Anyway, my job was to stick a long-handled crucible under the glass stream going into the spinners to extract a sample. I had to be quick, lest the spinner cool and the holes clog with solid glass. Once the sample was extracted, I set the crucible down onto the metal deck and stuck a glass rod into it and drew a long strand of glass from it, perhaps ten feet long -- just like in the video. The strands were then cut into short lengths and tested in the lab for tensile strength, among other things.

    It was a fun job -- probably the best I had during my college years. 'Even got to do some programming for their engineering department over a timeshare terminal (ASR33) in BASIC.

    -Phil
    “Perfection is achieved not when there is nothing more to add, but when there is nothing left to take away. -Antoine de Saint-Exupery
  • I've been taking a glass fusion class, mostly for art but also with a notion of embedding copper wire and optics for electro-optical purposes.

    About marbles, I wonder if marbles of different colors could be arranged together and fused. The important thing about glass fusion is that all of the glass that is mixed has to have the same coefficient of expansion or else it will develop stress cracks as it cools. Matched glass of different colors is rather expensive.

    I was thinking what might be done with a strictly honeybee comb arrangement...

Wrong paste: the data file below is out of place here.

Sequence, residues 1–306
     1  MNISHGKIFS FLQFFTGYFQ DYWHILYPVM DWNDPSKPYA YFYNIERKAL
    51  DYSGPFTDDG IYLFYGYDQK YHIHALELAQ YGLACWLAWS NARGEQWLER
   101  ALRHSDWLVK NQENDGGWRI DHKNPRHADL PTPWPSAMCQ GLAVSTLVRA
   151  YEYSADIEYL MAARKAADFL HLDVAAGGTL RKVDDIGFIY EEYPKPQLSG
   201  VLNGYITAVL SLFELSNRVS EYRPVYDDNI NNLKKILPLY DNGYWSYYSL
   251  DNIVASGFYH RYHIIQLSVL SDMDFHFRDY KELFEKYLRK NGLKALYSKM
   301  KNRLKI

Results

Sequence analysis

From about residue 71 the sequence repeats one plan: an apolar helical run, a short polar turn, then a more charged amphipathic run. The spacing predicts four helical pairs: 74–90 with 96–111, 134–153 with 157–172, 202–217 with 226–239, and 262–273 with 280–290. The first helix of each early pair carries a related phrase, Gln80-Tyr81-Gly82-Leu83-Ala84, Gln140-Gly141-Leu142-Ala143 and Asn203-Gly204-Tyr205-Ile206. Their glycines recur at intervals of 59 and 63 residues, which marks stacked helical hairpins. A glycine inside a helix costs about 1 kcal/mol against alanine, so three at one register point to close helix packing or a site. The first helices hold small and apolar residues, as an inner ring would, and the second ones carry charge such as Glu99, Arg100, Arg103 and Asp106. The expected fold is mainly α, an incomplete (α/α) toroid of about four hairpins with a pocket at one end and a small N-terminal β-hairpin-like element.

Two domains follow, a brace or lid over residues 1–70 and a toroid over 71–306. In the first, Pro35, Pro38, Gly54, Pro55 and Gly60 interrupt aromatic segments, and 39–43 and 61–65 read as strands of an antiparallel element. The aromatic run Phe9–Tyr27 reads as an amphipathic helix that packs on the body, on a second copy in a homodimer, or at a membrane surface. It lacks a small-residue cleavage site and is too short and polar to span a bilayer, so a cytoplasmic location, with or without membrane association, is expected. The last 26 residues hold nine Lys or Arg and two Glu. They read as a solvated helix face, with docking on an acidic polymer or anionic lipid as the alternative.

hexagons.png
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  • Phil Pilgrim (PhiPi)Phil Pilgrim (PhiPi) Posts: 21,767
    edited January 2 Vote Up0Vote Down
    From an aesthetic standpoint, I love the honeybee comb! From a mechanical standpoint, getting those marbles to flow around the corners might be a chore. And I do see some interferences, unless the marbles are considerably undersized.

    -Phil
    “Perfection is achieved not when there is nothing more to add, but when there is nothing left to take away. -Antoine de Saint-Exupery
  • Physics girl has some good puzzles to make you think. A bit like the jet/conveyor belt.

    "When you make a thing, a thing that is new, it is so complicated making it that it is bound to be ugly. But those that make it after you, they don’t have to worry about making it. And they can make it pretty, and so everybody can like it when others make it after you."

    - Pablo Picasso
  • Heater.Heater. Posts: 20,550
    edited January 7 Vote Up0Vote Down
    All my life I have been told that π is an irrational number. That is to say, cannot be expressed as a simple fraction p/q where p and q are integers.

    Never thought so much about it. Maths dudes tell be it is so, who am I to argue? But now I find that proving that π is irrational is not so straight forward. In fact it's damn hard:

    Here is one way:



    Here is another:



    Meanwhile, the maths professor Norman Wildberger does not like any of this irrational numbers stuff. It's all fiction as far as he is concerned:



    Grief, all this just because of some marbles running around circles....